Peace

I walked into her room. She was lying in her bed, her silver hair in one long, beautiful braid down the side of her face, her eyes closed, arms crossed over her chest, breathing quietly. She had one leg up, bent under the blanket. At the foot of the bed her cat was curled in a ball. The walls were covered in cat pictures, cat sayings, cat drawings: a feline-lover’s dream. She was even wearing cat pajamas.

I came to the side of her bed, to whisper hello and listen to her lungs. Instead I burst into tears and could not stop. In 25 years of practicing medicine I have never done this. As I wept, our recreation director came in to give me a hug. And then she told me not to cry, because Sandy was not suffering any more.

Sandy has early-onset Alzheimer’s disease. She and her husband Gary led a life together full of passion for the outdoors and for animals (sheep dogs AND cats). Gary cared for her at home as long as he could. But Sandy started having severe neuro-psychiatric symptoms and…

Do Not Hospitalize orders for nursing home residents with advanced dementia

by: Alex Smith @alexsmithMD



Advanced dementia is a terminal illness needing palliative care. Unfortunately, there is a great divide between this statement of the world as it should be, and the current reality of the world as it is.  Rates of pain and shortness of breath are high for patients with advance dementia.  Patients with advanced dementia often reside in nursing homes, and few nursing homes offer specialized palliative care services.  And, as we can see from an article in this months Journal of the American Geriatrics Society, communication about prognosis and goals of care is still lacking.

In this study, Elizabeth Mann and colleagues asked health care proxies (generally family caregivers) of nursing home residents with advanced dementia a series of open-ended questions about Do-Not-Hospitalize orders.  Hospitalizing patients with advanced dementia is often (though not always) more  harmful, leading to potentially burdensome and painful interventions (feeding tube insertion, n…

ePrognosis: What are the Next Steps

by: Alex Smith @alexsmithmd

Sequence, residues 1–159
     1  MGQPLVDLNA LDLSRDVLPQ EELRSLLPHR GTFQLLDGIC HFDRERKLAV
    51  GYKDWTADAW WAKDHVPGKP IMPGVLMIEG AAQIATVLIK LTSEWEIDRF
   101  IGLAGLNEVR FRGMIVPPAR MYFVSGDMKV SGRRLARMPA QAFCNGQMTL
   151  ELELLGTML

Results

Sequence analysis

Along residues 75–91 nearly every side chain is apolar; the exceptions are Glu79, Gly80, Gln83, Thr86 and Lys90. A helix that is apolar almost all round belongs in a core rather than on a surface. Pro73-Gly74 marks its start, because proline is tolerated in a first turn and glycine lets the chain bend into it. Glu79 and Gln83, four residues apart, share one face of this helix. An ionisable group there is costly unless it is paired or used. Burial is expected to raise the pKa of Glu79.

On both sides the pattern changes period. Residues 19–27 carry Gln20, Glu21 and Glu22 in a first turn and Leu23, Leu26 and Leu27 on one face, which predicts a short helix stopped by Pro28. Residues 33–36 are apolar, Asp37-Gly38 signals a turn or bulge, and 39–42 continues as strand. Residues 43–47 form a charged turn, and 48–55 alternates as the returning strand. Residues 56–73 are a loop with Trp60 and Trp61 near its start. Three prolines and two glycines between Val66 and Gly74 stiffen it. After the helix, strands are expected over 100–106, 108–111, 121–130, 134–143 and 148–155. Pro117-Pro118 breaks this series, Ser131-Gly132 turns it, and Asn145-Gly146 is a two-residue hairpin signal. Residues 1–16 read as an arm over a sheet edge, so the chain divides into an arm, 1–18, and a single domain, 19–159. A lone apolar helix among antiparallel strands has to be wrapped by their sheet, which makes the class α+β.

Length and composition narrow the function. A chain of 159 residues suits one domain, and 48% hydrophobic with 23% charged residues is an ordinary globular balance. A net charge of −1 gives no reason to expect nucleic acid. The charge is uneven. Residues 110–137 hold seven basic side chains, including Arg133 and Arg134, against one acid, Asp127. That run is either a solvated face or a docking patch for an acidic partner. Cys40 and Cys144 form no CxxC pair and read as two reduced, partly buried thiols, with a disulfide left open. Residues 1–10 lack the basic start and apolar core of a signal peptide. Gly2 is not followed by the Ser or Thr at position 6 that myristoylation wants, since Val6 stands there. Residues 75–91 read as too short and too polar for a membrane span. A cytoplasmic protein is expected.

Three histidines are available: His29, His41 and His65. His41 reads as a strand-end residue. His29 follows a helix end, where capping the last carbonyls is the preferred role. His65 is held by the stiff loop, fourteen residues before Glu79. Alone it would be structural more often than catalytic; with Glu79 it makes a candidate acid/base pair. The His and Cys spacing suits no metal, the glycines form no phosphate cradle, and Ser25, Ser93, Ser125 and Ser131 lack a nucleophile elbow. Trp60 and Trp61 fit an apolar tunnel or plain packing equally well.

We need your help.

We've come a long way with ePrognosis, our online and now mobile tool kit to estimate life expectancy in the elderly.  To quickly review:
Published systematic review of prognostic indices for older adults (JAMA link)Launched ePrognosis in January 2012.Over 1 million page views since launch, most from mobile devicesLaunched mobile-friendly responsive web-design version of ePrognosis this summer (2013).  Responsive web design allows you to access ePrognosis from a web browser on any size device - a PC, laptop, tablet, or phone.  The website will automatically resize the browser window and the information in the window for the size of screen you are using.ePrognosis users said the "bubbleview" home page was too complicated.  They just wanted to be quickly pointed to the best index for the patient in front of them.  We re-designed the landing page to be much simpler, asking easy questions that quickly take users to the highest qu…

Adding Prognosis to Cancer Screening Decisions: The ePrognosis Cancer Screening App

The goal of cancer screening is to identify asymptomatic cancer well before it causes symptoms or death.  This means that there is a long “lag time" before a patient sees a benefit from these screening tests.  This is in direct contrast to harms, which often occur rather immediately with these screening tests.  It would make sense then for us as health care professionals to focus cancer screening on those most likely to benefit from these medical interventions, and conversely, avoid screening in those who are unlikely to live long enough to see a benefit but will be exposed to immediate harms.  The problem is that as health care professionals, we aren't very good at this.

Multiple GeriPal posts have documented the health care systems proclivity at performing cancer screening in indivudals with a poor prognosis.  For some egregious examples, just take a look at these posts about cancer screening in those with dementia (here and here) and those with unresectable cancer (here a…